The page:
I've seen a White-tailed Eagle land with a freshly caught (and still alive) Barnacle Goose in its talons. I missed the actual strike - technically, it must have happened right in front of my eyes, but with hundreds of scared geese flying around, I probably looked somewhere else at that precise moment.

The behaviour of European geese leaves no doubt that they are scared of flying predators, and here in Northern Germany, it's birders' standard operating procedure to scan the horizon for eagles when a large flock of geese takes off in alarm.

It's my impression that eagles are perfectly capable of catching fit and healthy geese in flight when they manage to achieve surprise.

Regards,

Henning
 

njlarsen

Gallery Moderator
Opus Editor
Supporter
Barbados
Thanks Henning,
when they achieve surprise is to me the point, flocks of healthy geese should be able to avoid most such surprises.

Niels
 

Hauksen

Forum member
Hi Niels,

when they achieve surprise is to me the point, flocks of healthy geese should be able to avoid most such surprises.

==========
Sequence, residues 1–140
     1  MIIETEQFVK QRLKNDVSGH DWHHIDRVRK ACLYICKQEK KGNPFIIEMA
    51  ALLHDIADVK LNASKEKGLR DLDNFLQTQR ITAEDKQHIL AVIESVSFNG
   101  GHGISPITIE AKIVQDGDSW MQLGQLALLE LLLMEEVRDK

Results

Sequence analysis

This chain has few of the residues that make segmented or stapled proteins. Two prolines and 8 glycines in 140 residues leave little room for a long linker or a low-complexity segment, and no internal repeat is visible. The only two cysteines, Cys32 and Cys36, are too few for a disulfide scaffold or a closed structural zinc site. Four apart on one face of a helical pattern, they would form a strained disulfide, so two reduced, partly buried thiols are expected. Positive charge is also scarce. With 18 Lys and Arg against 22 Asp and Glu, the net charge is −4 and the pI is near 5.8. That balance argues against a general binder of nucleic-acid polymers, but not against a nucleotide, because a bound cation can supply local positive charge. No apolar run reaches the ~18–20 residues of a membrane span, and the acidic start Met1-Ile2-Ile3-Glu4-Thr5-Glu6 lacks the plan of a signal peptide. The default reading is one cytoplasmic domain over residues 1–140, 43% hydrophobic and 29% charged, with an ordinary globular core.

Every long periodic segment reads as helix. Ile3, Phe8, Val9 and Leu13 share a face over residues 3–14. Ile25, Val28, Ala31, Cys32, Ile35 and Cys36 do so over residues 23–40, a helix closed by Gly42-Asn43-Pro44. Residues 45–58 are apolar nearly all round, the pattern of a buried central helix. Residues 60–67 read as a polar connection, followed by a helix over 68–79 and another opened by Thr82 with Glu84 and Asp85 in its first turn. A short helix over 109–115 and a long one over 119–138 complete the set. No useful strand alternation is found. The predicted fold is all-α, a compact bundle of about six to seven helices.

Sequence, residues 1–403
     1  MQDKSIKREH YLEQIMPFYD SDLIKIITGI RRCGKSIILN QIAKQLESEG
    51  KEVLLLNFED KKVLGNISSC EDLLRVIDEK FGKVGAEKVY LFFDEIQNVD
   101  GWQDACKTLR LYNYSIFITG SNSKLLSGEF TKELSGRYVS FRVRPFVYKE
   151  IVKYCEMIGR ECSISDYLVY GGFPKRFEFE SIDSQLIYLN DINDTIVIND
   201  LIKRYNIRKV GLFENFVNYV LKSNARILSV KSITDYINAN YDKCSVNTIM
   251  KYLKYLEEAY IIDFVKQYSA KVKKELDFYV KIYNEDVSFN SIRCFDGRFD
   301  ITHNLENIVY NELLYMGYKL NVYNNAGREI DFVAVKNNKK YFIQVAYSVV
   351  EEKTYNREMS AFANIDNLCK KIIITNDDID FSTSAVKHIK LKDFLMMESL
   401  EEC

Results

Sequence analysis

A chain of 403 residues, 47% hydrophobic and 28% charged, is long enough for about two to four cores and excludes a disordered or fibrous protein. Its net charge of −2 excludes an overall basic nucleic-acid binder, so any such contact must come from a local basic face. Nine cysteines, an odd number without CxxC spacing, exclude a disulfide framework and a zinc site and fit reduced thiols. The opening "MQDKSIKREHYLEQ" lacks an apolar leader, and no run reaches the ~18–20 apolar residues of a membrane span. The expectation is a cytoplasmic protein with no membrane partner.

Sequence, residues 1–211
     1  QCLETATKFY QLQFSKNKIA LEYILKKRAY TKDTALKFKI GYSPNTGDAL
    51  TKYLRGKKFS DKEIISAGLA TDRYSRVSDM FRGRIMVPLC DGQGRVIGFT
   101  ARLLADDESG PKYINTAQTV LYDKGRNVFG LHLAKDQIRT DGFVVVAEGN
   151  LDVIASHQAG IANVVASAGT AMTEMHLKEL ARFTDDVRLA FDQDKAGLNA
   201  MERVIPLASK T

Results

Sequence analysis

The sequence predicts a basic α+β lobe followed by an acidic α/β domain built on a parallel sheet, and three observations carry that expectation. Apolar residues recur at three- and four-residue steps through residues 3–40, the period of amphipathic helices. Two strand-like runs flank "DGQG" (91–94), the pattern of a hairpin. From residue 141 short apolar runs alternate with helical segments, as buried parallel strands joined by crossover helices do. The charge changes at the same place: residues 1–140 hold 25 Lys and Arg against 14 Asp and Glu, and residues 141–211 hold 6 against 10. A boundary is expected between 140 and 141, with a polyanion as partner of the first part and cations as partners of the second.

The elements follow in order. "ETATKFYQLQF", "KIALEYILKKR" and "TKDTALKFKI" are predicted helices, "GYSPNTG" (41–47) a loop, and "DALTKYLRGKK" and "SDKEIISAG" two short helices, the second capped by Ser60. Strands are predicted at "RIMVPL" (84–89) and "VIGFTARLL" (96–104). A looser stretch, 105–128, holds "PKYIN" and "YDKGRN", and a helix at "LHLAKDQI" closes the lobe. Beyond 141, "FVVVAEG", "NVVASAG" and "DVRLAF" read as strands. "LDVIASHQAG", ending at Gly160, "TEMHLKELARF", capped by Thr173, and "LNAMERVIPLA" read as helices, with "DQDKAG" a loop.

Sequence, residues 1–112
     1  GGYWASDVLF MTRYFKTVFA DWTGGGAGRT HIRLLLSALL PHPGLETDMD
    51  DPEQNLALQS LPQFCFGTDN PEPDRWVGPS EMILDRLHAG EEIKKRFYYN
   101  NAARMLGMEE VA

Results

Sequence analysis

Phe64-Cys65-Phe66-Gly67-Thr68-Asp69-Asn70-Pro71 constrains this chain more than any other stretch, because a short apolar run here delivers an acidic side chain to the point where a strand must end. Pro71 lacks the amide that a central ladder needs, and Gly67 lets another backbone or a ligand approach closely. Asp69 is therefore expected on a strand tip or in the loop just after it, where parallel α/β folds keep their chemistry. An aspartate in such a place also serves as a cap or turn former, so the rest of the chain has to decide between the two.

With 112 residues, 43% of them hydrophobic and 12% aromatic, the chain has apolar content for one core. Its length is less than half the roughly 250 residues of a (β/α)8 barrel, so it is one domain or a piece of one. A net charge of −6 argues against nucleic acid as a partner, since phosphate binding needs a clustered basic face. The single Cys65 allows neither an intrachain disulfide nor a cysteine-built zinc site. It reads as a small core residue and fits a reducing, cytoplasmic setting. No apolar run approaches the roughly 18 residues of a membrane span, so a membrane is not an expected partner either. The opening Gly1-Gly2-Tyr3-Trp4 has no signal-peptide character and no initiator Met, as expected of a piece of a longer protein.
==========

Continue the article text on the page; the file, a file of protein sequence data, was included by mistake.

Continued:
Admittedly, I have no idea how often the eagles' attempts fail :)

My impression from observing their flight patterns is that eagles apparently like to check out interesting birding sites from some height and a fair distance, and then come back later, approaching at a fairly low altitude using ground cover (like dykes) to break the potential prey's line of sight.

I'm not quite sure about the height of the dyke in the case of the attack I witnessed, but it might have been 5 m above the geese's eye level, and the geese were about 150 m from the dyke. That equates to a glide ratio of 30, so the eagle could have stayed below the horizon from the geese's point of view only in powered flight, but the gradual altitude loss would still have helped it to keep the speed up.

The time it would have taken the eagle from appearing over the horizon to getting into striking distance to the geese might have been as little as 10 seconds, in which the geese had to recognize the eagle, launch themselves into the air, and gain enough speed and altitude to be able to evade the eagle, who would have come in with enough speed to be quite manoeuvrable.

(There's a biological law that leads to smaller organisms having a better power-to-mass ratio than larger organisms, everything else being equal. I'm pretty sure geese can out-"perform" eagles in the long run due to this, but in the short term, the eagle can use its momentum from the fast approach in lieu of muscular power.)

If the geese manage to evade the initial attack and the eagle expends its momentum, I'm pretty sure they will be able to evade any further attacks easily.